HAINBACH, exploring new sound depths using nuclear research equipment
Crafting beauty from what could be seen as obsolete and exploring new sound depths with it almost sounds like Hainbach’s motto: the composer has a very personal approach to music. A prolific theatre, movie and gaming composer, he studied systematic musicology and English at the University of Hamburg, focusing on film music and Shakespeare’s dramas.
Moving to Berlin, he approached the realm of electronic sound productions and club music, shifting audio landscapes through many albums released on Opal Tapes, Spring Records and Limited Interest, amongst many others. Each release has its character – from the luscious orchestral arrangements and rapt xylophones of Acosta to the immersive, meditative states of Collision and the hallucinatory tranquillity in “Gestures”. During the years, his interest in what happens behind the scenes has been merging with an engineering approach; in 2019, through a collaboration with SonicLab and developer Sinan Bokesoy, he turned a piece of equipment into music software, named Fundamental, getting his hands into the gears.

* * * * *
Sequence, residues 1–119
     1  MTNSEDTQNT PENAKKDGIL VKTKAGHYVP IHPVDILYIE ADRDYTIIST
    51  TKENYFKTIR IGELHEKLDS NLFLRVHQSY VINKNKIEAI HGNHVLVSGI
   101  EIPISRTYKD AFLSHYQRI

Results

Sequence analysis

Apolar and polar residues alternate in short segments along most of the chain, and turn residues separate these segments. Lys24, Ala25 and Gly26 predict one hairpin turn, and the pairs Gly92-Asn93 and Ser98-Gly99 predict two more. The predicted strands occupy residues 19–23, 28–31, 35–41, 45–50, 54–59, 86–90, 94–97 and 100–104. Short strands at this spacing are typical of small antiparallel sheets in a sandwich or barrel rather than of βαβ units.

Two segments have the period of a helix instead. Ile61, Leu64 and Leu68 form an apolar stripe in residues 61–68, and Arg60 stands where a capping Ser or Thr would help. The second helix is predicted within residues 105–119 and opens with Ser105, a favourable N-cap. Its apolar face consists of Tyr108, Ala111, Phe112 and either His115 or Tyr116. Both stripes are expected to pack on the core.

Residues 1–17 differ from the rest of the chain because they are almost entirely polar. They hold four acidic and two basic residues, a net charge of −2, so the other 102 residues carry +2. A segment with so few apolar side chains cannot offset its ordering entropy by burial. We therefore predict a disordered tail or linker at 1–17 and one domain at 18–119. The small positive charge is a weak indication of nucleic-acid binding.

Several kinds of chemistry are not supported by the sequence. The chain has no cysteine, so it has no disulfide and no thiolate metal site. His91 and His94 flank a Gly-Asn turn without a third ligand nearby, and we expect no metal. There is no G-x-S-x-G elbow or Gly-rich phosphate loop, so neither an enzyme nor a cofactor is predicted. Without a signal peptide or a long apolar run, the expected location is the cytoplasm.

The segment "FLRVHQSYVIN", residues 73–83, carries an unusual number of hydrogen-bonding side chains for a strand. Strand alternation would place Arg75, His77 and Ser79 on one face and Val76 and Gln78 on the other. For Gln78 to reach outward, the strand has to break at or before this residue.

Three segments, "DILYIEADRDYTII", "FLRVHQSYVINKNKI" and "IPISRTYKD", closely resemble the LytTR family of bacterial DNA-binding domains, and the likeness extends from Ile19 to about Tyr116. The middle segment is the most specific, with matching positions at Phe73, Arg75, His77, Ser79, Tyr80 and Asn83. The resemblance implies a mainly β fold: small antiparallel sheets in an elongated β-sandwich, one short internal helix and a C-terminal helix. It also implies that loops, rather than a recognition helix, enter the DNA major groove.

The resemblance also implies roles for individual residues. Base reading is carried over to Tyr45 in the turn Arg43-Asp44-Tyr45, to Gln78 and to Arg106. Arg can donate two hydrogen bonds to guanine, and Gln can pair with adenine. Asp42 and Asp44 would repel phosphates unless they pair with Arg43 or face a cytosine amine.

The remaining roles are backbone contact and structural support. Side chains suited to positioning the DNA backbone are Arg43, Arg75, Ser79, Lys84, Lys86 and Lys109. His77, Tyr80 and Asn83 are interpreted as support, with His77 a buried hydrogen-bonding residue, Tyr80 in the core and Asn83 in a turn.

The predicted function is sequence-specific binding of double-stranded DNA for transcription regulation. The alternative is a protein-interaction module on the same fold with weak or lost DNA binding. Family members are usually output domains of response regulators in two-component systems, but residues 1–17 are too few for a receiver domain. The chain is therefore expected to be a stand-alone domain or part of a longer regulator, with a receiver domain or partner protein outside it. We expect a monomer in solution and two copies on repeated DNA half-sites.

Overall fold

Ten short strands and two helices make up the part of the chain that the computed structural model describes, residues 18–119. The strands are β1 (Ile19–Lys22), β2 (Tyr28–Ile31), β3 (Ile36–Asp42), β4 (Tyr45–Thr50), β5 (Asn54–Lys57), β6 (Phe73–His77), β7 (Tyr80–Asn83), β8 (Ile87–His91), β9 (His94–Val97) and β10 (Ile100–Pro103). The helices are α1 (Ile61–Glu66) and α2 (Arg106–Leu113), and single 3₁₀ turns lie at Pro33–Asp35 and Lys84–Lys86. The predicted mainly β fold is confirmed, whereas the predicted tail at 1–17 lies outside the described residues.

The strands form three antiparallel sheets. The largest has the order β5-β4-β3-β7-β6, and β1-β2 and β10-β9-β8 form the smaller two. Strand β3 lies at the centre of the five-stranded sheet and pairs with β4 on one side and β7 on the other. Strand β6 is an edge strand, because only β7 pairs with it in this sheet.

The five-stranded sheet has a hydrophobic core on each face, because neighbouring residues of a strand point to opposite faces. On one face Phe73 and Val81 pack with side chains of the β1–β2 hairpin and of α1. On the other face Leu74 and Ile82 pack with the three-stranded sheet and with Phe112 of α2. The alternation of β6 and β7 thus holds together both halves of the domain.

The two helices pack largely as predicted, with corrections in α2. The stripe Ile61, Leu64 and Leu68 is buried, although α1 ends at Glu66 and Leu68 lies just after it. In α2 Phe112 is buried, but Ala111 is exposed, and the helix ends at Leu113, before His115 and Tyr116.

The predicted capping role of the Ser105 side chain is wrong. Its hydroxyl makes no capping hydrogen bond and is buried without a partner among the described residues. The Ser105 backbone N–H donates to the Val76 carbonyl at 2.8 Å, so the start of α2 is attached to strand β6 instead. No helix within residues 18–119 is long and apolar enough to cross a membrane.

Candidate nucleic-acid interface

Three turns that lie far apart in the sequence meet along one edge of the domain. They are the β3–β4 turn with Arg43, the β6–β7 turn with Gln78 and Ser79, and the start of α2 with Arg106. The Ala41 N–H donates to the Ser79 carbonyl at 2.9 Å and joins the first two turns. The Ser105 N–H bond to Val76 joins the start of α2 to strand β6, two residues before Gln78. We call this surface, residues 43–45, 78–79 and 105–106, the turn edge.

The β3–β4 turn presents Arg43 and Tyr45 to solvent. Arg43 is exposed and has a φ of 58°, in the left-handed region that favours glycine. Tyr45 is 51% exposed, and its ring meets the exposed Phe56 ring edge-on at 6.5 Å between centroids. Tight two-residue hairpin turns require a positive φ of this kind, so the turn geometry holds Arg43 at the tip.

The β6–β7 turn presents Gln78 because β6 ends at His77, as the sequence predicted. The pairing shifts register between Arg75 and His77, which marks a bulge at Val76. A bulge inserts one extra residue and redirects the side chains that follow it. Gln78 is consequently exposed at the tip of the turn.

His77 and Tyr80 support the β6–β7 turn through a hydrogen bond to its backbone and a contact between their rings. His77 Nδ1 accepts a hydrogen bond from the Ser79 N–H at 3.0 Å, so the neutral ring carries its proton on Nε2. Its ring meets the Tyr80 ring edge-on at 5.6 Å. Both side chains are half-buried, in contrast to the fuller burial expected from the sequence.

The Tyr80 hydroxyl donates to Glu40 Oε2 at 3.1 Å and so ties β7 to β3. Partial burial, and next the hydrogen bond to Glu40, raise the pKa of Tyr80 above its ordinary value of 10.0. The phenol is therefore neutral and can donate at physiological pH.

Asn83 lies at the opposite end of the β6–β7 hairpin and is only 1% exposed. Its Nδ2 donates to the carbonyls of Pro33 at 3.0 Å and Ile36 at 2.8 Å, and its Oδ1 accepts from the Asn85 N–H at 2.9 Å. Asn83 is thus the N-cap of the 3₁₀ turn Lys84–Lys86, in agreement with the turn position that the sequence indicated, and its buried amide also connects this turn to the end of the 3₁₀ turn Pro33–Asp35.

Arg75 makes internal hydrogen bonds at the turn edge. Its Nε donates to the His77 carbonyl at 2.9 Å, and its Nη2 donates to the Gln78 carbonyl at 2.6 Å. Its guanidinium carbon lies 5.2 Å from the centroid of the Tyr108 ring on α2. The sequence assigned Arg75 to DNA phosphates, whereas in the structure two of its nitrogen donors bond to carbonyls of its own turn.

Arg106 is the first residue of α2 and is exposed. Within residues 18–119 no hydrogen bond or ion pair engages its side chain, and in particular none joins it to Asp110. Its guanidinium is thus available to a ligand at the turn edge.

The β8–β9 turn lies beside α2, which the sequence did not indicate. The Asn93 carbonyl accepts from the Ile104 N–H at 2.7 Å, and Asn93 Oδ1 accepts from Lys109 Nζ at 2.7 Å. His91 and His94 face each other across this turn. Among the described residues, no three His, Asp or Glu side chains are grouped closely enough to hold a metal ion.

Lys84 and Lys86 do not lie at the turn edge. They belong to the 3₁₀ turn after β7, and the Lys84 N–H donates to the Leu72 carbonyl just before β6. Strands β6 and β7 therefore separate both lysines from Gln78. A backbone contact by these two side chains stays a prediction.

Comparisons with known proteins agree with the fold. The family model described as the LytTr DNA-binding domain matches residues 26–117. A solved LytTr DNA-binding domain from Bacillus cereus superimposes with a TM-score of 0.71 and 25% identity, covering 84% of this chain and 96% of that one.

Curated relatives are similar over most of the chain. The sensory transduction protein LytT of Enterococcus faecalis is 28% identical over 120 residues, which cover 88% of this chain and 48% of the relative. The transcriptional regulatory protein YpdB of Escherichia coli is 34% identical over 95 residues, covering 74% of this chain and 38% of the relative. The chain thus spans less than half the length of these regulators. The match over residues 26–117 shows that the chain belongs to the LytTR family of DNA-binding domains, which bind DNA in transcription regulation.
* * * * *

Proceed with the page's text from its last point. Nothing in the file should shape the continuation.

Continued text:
When he’s not producing, you can find him on his Youtube channel, unstoppably experimenting with quirky objects like German knots, documenting his own experience mastering a new album, or diving into reviewing the next piece of esoteric music equipment, discussing avant-garde music techniques. In between a thousand trips into synth amplifiers or the next gear’s review, he works with orchestras, composes on his Bechstein piano, dives into the core of instruments to let history survive in some way reflecting into history through music itself, or makes an album entirely with a deerhom organ, as in Gestures. And it’s fun to watch him, carving out a unique path and not easily summarised, being entirely open for any new outcomes – it makes us want to have fun with him too.